I could not get beyond being too busy.  There never seemed to be enough time to pause and breathe, let alone to be present in the moment. The next “have-to” grabbed my attention, leaving me breathless and stressed.  It took a significant amount of time to realize I needed to develop a system to declutter my time in order to live free from the constraints of the “have-to” with space to breathe and to see the gift of the day.

I often advise people to  breathe.  I understand the response to my advice: “I have to do this . . . and I have to do that . . . and, then, I will breathe.”  As impossible as it seems, creating space by releasing some of our “have and have-to” is possible.

How can the accumulated clutter from our “have and have-to” be removed? 

First things first:  Make time to be silent and still to truthfully view what’s cluttering your space and time, evaluating what needs to released and simplified.  I know this might seem counter-intuitive and more like an avoidance tactic; however, the reasons for clutter often go soul deep. The effort to enter into sacred time and space often feels uncomfortable and challenging because it’s not practiced in our noisy, busy culture. It can feel like one more thing to do.  Even so, silence and stillness provide the space to breathe, to know God, and to unpack the matters of life.  The ancient words give us the directive:

Be still and know God (Psalm 46:10).

Silence and stillness brings the opportunity to see the truth of our reality, looking intently at  how and where clutter has accumulated.  “God show me the clutter in what I have.  Give me the ability to understand why I hang on to it and how to release it.  And, God would you show me how I’ve allowed some things I do to be clutter?  God remove the clutter that I might pursue and persist with only what matters.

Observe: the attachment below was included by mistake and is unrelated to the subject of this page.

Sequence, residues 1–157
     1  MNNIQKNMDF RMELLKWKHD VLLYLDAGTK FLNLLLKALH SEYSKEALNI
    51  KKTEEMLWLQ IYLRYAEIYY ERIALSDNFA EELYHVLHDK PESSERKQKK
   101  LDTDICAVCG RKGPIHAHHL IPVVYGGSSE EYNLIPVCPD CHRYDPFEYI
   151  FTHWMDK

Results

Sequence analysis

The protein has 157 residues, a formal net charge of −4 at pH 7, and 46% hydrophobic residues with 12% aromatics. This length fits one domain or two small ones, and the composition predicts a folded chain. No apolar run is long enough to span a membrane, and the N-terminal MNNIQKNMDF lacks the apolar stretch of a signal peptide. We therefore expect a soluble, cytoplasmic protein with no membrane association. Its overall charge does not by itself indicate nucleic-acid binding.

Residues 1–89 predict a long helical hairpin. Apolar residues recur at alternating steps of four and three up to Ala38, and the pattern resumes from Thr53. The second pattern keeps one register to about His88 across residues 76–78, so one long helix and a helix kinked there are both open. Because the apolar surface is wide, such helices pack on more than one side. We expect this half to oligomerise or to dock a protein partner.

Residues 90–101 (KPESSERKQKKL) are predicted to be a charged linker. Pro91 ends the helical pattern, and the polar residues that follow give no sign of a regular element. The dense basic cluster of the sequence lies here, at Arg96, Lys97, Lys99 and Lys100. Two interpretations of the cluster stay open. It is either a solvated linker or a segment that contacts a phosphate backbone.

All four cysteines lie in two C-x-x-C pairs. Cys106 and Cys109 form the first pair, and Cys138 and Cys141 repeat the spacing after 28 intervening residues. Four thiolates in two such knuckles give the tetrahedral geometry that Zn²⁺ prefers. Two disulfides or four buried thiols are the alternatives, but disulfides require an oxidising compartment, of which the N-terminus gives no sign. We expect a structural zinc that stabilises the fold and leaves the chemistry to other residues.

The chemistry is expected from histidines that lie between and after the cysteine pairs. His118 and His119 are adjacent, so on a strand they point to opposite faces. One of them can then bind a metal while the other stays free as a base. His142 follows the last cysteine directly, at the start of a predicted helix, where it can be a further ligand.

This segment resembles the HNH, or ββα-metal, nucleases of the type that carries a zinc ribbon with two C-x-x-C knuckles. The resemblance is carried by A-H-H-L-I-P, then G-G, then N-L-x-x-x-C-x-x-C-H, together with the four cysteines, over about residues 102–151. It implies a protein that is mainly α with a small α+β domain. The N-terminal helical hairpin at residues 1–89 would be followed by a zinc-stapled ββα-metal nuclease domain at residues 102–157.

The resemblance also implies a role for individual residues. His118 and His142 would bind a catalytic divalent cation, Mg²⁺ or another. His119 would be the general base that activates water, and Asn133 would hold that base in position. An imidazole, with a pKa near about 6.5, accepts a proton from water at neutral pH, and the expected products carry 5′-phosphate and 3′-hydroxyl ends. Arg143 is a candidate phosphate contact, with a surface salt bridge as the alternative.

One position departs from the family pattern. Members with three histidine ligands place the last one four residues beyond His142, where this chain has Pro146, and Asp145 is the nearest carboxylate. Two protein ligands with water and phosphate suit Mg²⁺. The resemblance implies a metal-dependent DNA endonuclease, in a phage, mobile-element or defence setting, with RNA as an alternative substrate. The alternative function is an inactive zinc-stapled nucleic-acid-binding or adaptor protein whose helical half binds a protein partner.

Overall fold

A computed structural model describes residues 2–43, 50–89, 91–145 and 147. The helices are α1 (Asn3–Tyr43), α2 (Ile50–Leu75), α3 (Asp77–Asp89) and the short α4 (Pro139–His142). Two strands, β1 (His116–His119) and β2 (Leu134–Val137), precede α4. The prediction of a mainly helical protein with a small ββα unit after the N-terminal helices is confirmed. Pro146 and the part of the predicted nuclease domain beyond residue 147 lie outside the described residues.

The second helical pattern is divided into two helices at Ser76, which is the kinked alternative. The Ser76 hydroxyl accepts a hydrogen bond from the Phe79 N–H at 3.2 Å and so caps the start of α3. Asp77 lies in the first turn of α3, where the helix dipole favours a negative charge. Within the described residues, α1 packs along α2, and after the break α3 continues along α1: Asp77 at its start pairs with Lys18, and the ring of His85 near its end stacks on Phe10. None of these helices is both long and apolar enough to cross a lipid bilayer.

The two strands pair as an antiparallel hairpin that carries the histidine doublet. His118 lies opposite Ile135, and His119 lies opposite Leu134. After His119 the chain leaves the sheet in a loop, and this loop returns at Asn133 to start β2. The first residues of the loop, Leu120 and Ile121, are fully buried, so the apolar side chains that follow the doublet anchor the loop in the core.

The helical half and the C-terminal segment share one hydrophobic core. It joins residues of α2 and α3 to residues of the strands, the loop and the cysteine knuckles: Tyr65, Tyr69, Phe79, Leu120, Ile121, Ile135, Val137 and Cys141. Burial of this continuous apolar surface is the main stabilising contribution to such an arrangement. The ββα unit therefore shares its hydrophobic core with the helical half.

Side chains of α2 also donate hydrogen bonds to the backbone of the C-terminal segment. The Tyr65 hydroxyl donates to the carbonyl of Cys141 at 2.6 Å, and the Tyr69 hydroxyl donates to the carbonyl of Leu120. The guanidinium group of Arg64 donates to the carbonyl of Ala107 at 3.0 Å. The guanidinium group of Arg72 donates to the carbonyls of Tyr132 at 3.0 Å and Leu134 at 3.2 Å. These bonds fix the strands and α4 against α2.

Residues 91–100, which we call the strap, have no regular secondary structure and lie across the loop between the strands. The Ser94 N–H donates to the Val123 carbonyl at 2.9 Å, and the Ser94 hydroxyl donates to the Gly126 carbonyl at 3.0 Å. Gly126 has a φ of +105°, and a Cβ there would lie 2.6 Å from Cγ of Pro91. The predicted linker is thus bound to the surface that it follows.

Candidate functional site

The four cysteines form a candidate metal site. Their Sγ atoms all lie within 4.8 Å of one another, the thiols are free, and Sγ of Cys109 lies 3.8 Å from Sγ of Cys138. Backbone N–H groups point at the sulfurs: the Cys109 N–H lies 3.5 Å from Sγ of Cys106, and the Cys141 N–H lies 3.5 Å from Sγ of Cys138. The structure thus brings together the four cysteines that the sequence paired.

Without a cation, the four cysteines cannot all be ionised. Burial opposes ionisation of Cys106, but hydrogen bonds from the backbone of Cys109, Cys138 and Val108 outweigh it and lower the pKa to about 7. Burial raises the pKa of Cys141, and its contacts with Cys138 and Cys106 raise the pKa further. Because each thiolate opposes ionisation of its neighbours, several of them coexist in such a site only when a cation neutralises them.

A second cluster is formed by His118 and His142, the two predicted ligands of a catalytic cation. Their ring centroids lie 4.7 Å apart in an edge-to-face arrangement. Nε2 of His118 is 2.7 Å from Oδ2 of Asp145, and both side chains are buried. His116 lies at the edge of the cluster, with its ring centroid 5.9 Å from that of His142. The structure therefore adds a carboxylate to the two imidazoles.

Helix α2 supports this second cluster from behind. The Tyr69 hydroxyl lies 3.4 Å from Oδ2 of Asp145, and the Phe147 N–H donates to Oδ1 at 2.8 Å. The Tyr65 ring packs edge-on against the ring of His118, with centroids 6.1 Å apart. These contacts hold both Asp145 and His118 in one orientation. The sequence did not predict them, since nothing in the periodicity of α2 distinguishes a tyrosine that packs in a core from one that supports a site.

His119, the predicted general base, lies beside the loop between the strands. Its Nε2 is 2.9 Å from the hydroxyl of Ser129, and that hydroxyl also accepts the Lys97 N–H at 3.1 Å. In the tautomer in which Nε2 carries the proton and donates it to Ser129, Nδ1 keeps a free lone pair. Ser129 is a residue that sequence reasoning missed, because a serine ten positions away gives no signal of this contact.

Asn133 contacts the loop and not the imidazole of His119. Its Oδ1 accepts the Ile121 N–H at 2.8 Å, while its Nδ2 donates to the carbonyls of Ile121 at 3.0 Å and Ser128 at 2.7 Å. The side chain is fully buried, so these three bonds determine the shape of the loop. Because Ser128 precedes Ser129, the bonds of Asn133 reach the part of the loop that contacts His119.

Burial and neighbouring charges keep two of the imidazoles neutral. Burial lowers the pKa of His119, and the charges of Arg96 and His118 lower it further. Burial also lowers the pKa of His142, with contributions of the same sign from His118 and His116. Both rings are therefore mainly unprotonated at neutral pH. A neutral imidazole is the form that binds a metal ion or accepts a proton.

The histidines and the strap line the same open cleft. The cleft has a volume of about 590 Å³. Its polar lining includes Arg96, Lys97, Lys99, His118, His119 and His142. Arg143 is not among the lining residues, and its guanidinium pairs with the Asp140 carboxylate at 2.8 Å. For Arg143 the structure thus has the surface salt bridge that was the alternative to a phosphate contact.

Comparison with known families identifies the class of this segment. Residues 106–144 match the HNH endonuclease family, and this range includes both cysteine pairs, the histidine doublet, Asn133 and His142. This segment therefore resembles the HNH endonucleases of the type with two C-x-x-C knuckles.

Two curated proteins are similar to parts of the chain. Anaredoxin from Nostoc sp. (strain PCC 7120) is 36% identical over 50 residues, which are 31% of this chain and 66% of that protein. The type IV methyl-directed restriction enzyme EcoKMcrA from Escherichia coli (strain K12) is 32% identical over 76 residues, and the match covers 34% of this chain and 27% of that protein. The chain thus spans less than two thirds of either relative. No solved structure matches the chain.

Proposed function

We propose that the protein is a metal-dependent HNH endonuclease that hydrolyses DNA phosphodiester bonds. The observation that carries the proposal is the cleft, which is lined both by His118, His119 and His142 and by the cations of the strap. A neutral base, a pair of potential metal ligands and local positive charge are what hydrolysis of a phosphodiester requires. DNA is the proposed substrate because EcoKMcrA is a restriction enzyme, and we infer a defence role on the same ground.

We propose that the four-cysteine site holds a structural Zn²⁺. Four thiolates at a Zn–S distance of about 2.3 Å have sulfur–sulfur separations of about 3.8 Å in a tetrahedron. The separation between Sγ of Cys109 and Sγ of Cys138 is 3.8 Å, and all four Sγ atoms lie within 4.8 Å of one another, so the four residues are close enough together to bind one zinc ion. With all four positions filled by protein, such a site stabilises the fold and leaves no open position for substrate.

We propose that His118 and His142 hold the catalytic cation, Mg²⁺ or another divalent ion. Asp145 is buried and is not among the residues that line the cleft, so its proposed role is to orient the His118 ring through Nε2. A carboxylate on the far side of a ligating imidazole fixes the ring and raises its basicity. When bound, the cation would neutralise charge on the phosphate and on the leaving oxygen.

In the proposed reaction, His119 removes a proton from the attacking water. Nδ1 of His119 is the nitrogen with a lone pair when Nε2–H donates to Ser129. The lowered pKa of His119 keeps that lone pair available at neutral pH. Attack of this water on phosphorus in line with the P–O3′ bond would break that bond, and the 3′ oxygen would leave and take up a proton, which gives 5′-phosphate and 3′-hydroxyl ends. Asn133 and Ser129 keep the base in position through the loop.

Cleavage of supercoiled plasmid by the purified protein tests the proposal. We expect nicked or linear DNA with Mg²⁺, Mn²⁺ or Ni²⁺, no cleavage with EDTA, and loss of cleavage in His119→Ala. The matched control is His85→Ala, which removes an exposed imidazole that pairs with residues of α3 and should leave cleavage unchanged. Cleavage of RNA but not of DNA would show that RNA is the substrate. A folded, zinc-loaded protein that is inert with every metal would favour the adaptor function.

God uses these divine moments to teach.  A life-changing fact after a time of silence and stillness spoke deeply to me:   “I have allowed things in life which are not mine to have to be in my space and to do in my time.  I will release each one.”

Yes.  I knew this to be a principle for all of us; but the personal knowing which came out of the silence and stillness went soul deep. I had clarity and drive to release the clutter in my life.  While it will always be a challenge, I am continually evaluating the “have” and “have-to” because of this one simple revelation. I have never regretted releasing whatever is not to be in my space or time.  Admittedly, it has required some hard questioning of myself and ongoing evaluation of why I succumb to what is not mine to have or do.  I can truthfully say the work of it all makes an incredible difference in how life is lived.

It’s a choice to neglect or pay attention to what has become clutter in our life.  Take time to be silent and still, working through what matters in your life.  Choose to be diligent and declutter what does not belong in your story.  

*Look for our upcoming courses, Rise and Systematic Organization.  Also take a look at similar articles under TableThink’s Organization section.